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Professor Emily Grundy Professor of Population Science, University of Essex

01206 873904

Emily Grundy joined ISER as Professor of Population Science in October 2017 and served as Director from then until October 2020.  She is also an affiliated researcher at the Norwegian Institute of Public Health Centre for Excellence on Fertility and Health.  She was previously Professor of Demography at the London School of Economics. Previous appointments include positions at the University of Cambridge, London School of Hygiene Tropical Medicine and King’s College London.


PhD Medical Demography, University of London, UK; MSc Medical Demography, London School of Hygiene Tropical Medicine; BA (and MA), King’s College, University of Cambridge.

Research interests and current research

Emily’s  main research interests are families, households and kin and social networks in later life, especially in relationship to health, associations between family life courses and health and well-being at older ages, and trends and differentials in later life health, disability and mortality. She has been awarded numerous UK and international grants including an ERC Advanced Grant (2013-2018). She currently leads an ESRC funded project on Families, households and health in ageing populations: Projections and Implications (2020-2023) and is a co-investigator in the Research Centre on Micro-Social Change (MiSoC; PI Emilia Del Bono).

Emily is also involved in collaborative projects on urban environments and mental health at older ages and on long-term care in Europe.

She is past Chair of the Population Investigation Committee, past President of the British Society for Population Studies, a and past Council member  of the International Union for the Scientific Study of Population. She currently serves on a range of national and international review committees and on the Editorial Board of the Journals of Gerontology (Social Sciences) and Population, Space and Place. Emily is  a Fellow of the British Academy and a Fellow of the Academy of Social Sciences.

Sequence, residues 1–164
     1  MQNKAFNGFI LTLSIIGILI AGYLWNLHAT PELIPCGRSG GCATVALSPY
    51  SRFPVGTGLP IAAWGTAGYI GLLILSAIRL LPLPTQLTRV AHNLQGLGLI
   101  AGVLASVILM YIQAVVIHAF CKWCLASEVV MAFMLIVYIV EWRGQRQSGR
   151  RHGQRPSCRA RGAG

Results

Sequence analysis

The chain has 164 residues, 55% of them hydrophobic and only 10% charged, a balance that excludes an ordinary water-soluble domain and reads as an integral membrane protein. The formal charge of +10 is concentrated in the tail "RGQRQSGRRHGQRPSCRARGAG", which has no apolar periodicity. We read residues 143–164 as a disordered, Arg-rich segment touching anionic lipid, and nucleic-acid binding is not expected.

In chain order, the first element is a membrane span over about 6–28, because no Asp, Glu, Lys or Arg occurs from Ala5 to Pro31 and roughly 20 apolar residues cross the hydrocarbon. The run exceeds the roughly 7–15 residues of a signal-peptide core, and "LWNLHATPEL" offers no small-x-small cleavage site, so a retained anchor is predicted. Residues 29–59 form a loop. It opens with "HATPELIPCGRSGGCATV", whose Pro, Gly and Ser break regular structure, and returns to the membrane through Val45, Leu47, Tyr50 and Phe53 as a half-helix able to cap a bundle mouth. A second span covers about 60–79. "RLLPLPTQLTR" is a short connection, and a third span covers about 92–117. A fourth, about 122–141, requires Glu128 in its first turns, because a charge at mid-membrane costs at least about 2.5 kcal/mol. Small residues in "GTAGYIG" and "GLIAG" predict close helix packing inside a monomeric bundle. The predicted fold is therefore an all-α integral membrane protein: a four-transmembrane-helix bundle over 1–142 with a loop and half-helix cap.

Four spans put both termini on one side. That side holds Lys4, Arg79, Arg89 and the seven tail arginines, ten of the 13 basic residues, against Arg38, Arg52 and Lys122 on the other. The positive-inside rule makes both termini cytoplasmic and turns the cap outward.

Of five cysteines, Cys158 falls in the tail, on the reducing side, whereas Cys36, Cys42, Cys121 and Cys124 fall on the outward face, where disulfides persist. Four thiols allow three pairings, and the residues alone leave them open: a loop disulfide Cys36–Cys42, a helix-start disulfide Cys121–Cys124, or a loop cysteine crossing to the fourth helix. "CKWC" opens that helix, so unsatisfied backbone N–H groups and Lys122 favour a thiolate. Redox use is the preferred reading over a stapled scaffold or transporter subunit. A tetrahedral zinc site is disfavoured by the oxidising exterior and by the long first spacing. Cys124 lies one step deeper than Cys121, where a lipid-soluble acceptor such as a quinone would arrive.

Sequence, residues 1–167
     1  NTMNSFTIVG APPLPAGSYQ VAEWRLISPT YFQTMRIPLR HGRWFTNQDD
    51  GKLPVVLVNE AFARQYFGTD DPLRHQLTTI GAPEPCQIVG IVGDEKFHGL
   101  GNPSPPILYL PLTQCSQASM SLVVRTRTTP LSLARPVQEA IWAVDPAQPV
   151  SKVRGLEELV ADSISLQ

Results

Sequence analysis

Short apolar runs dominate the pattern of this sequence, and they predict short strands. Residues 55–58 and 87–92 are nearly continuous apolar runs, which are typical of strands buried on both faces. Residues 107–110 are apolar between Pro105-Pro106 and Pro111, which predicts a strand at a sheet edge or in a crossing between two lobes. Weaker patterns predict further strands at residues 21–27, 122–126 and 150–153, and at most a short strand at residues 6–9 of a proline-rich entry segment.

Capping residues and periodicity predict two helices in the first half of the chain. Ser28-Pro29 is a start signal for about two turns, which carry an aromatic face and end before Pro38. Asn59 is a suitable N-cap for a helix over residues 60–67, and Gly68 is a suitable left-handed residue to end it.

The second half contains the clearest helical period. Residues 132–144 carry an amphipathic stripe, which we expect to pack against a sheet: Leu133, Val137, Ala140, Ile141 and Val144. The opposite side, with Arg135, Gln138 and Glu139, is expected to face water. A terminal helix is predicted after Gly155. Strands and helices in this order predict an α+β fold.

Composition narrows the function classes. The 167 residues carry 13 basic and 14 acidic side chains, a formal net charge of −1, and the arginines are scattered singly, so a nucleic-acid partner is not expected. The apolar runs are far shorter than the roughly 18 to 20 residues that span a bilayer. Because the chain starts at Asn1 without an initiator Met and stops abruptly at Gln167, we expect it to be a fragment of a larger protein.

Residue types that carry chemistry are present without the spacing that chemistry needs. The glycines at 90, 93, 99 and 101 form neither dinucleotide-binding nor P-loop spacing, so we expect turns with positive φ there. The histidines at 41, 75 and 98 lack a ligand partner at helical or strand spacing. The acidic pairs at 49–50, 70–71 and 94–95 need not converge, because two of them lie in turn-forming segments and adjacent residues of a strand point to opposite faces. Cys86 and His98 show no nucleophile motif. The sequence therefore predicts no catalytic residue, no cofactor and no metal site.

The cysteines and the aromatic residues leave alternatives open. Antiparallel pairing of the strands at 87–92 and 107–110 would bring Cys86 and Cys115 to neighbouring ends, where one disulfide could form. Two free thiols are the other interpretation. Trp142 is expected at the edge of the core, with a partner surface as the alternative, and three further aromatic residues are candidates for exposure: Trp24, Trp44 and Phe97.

Read more about Emily’s work on her ORCID profile and on Google Scholar.


  1. Household debt and depressive symptoms among older adults in three continental European countries

    Aapo Hiilamo and Emily Grundy

    1. Older People
    2. Households
    3. Debt: Indebtedness
    4. Well Being
    5. Finance
  2. The increasing mortality advantage of the married: the role played by education

    Øystein Kravdal, Emily Grundy, and Katherine Keenan

    1. Demography
    2. Education
    3. Family Formation And Dissolution
    4. Health
  3. Fertility history and physical and mental health changes in European older adults

    Katherine Keenan and Emily Grundy

    1. Older People
    2. Demography
    3. Childbearing: Fertility
    4. Well Being
    5. Health
    6. Life Course Analysis
  4. Coresidence with a child and happiness among older widows in Europe: does gender of the child matter?

    Emily Grundy and Michael Murphy

    1. Older People
    2. Psychology
    3. Geography
    4. Demography
    5. Well Being
    6. Sociology Of Households
  5. Returns home by children and changes in parents’ well-being in Europe

    Marco Tosi and Emily Grundy

    1. Older People
    2. Well Being
    3. Life Course Analysis
    4. Sociology Of Households
    5. Social Psychology
  6. MINDMAP: establishing an integrated database infrastructure for research in ageing, mental well-being, and the urban environment

    Mariëlle A. Beenackers, Dany Doiron, Isabel Fortier, et al.

    1. Older People
    2. Area Effects
    3. Psychology
    4. Urban Sociology
    5. Geography
    6. Research
    7. Well Being
    8. Health
    9. Surveys


Displaying all 8 media publications

  1. "Torno da mia madre", che stress quando i figli quarantenni ripiombano a casa

  2. Empty-nesters 'resent boomerang kids'

  3. Parents with ‘boomerang’ children who move back home as adults suffer as much as people with illness or disability, study shows

  4. Boomerang offspring damage parents' wellbeing, study finds

  5. Parents’ lives made more miserable by the ‘boomerang generation’ returning home

  6. Women are happier being single than men because relationships are hard work

  7. Women are happier being single than men, says a new study

  8. Women prefer being single - because relationships are hard work, research suggests

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